David Ward this week uses his data processing expertise to show us how we can spot and weed out ‘rogue respondents’ to get the most reliable and valuable data from our online surveys.
The internet is a very useful tool in market research. We can reach a much wider and larger audience than using traditional pen and paper or CATI interviewing (spam filters allowing). We can make the interviewing experience more visual, route respondents to the questions relevant to them, view results in real time before the tabulation processes have begun, program logic checks in to the survey to catch errors before the analysis stage…the list of positives goes on. Of course there are, as with any interview method, pros and cons to choosing a particular method of interviewing.
On our travels on the internet we’re never too far away from someone wanting to collect our opinions about this and that. For example, when I was looking online for a new car recently, nearly every website I went to had some sort of pop-up window asking me to take part in a survey and, more often than not, some incentive was provided to entice me to spend my time completing the survey. Personally I’ve never been tempted to complete one of these surveys appearing in pop-up windows, but that’s just me. However, what is to stop someone seeing the incentive, thinking ‘I’d quite like a new iPod’, and just randomly clicking through the survey in double-quick time with no thought to their responses? For the respondent, the incentive is there to get the survey completed and have a chance of winning the prize, but not necessarily to give each question the thought required. There isn’t a lot we can do to stop this happening; however, there are things we can do after the data is collected to spot these rogue respondents.
The scope for logic checks on online surveys would be vast if you took it to the nth degree. We might lose a large number of respondents if we did do this though – through frustration at constantly having their responses questioned – but there is a balance to be found. As Head of Data Processing at B2B International, what steps can I take to ensure the quality of our data? There are no guarantees but we can take steps when setting up online surveys and reviewing the data to highlight suspect records. As I have said, we can program logic checks into our online surveys to make sure the survey is filled in correctly. We can make sure numbers add up to 100% where needed, or that respondents select the correct number of items from a list.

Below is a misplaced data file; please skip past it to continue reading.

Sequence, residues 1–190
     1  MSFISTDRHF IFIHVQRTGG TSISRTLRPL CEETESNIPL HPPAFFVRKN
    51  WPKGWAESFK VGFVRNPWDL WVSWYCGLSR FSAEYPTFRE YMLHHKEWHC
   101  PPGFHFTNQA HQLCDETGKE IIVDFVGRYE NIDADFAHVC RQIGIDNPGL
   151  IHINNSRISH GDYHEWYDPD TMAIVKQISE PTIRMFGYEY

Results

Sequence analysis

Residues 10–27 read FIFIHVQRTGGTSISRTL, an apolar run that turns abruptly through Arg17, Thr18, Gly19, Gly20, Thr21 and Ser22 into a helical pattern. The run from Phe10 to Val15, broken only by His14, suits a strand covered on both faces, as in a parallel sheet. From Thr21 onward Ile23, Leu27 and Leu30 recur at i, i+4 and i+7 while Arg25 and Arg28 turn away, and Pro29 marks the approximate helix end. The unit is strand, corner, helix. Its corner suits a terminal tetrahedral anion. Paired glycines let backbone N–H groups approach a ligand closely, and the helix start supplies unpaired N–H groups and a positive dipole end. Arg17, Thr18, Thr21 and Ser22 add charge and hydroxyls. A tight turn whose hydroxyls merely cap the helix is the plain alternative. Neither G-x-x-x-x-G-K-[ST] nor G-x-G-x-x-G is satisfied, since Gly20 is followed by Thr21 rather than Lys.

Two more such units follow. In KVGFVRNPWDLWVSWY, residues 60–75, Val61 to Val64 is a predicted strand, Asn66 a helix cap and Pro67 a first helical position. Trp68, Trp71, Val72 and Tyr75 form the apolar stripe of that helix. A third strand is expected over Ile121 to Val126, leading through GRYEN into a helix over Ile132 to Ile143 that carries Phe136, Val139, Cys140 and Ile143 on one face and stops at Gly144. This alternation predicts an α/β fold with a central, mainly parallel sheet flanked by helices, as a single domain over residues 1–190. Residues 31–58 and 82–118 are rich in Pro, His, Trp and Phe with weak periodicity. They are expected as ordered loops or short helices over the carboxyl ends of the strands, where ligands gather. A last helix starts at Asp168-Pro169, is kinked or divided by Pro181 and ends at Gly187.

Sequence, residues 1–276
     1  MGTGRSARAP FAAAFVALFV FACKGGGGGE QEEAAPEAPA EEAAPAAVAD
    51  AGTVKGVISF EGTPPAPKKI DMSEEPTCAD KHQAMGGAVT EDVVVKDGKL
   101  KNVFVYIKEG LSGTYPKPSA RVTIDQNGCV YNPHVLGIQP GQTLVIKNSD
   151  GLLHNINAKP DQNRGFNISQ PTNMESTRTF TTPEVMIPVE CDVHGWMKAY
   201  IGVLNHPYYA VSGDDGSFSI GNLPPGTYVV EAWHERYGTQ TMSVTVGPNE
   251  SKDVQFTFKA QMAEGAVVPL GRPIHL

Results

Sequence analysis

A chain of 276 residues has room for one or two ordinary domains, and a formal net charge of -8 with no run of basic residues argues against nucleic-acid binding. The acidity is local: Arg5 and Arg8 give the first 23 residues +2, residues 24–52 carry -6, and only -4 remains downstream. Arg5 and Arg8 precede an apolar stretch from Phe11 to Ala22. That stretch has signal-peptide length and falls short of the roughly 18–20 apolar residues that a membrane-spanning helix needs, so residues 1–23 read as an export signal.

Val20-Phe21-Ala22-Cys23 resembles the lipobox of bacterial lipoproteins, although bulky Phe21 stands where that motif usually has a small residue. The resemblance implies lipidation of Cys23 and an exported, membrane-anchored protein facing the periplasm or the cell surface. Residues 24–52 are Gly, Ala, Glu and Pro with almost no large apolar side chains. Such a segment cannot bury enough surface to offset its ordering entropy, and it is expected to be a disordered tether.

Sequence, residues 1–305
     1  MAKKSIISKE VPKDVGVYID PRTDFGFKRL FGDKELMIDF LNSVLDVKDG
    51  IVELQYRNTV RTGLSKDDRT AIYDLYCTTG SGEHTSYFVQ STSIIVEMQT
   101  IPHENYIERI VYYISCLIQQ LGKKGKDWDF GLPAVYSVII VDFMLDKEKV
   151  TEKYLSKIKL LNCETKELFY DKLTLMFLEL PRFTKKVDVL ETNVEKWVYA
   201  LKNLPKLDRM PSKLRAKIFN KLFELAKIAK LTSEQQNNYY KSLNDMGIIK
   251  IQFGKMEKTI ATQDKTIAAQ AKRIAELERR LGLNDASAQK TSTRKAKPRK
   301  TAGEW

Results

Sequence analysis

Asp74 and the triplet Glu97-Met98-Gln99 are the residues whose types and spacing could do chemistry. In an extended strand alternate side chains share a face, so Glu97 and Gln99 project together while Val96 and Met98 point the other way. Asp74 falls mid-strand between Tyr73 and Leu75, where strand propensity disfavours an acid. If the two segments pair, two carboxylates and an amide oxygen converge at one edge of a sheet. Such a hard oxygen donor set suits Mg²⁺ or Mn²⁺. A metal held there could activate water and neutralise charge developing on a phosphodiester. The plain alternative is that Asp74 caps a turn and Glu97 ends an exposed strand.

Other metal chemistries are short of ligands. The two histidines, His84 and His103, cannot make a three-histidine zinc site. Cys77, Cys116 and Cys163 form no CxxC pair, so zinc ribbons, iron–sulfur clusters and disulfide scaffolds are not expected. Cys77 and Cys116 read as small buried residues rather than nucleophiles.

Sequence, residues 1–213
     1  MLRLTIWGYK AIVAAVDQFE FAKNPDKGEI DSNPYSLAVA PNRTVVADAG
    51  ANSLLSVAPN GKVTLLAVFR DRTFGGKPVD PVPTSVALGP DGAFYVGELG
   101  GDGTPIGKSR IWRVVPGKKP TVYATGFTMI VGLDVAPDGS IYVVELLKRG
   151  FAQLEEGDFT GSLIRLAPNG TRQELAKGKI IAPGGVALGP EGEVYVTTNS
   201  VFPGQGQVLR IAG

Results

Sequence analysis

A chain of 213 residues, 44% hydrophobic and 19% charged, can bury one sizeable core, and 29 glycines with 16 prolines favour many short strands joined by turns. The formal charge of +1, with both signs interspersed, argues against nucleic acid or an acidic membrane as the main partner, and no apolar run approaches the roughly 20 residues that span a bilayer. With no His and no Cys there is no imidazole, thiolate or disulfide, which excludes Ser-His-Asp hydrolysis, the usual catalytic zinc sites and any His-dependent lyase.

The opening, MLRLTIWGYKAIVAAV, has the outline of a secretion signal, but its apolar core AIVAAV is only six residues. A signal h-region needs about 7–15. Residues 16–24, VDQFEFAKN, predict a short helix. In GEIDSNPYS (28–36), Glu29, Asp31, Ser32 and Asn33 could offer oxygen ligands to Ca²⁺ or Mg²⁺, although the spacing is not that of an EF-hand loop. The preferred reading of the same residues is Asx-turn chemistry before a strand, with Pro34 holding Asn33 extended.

One of the easiest ways to catch potentially bad records in the data is to quickly check the time stamp for each interview. Did someone manage to complete a 20-minute interview in 5 minutes? This would suggest someone has just clicked through the survey with a click happy mouse finger, without giving due consideration to their answers.
Another telltale sign to look out for is something termed as “straightlining”. Has a respondent gone through a grid or battery of questions and given the same response each time?
We can also look for inconsistencies in the logic of the answers and for unlikely values in numeric questions. Part of this can be done during the survey and more checks can be run once the data have been collected.
We could also add in questions purely for verification purposes to allow us to judge whether or not the respondent is reading the question. For example, in a grid of questions we could add one that simply says “for verification purposes please answer strongly agree”. Along the same lines as this we could use data from any panels we have purchased to ask respondents to verify certain details. Comparisons can then be made between the original panel data and our own data collected online. Differences between the two could be viewed as suspect.
Finally, we can look at responses to open questions. We can check that fields do not contain random characters, or single character answers. If we find this, can we be sure we can trust the other answers given?
Failing one of these checks does not necessarily mean the data is not to be trusted but failing two or more may be grounds for removing that respondent. Perhaps the strongest guide to base the decision on is the time taken to complete a survey, but whichever method or combination of methods are used, having the checks in place gives us added confidence in the findings we present to our clients.
I’m not sure we will ever be able to completely stop respondents just clicking through an online survey giving responses that are illogical, poor quality and clearly not much use to market research, but knowing that there are telltale signs we can look out for which can indicate a respondent we may need to exclude is certainly reassuring.